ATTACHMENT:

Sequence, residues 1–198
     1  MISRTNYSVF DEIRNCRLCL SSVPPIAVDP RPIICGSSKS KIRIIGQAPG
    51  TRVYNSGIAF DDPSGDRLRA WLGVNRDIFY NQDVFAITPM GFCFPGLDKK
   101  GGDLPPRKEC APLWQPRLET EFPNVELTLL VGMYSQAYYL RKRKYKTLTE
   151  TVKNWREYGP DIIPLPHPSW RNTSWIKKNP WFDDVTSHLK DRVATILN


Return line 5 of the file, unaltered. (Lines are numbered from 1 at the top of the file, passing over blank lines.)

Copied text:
   151  TVKNWREYGP DIIPLPHPSW RNTSWIKKNP WFDDVTSHLK DRVATILN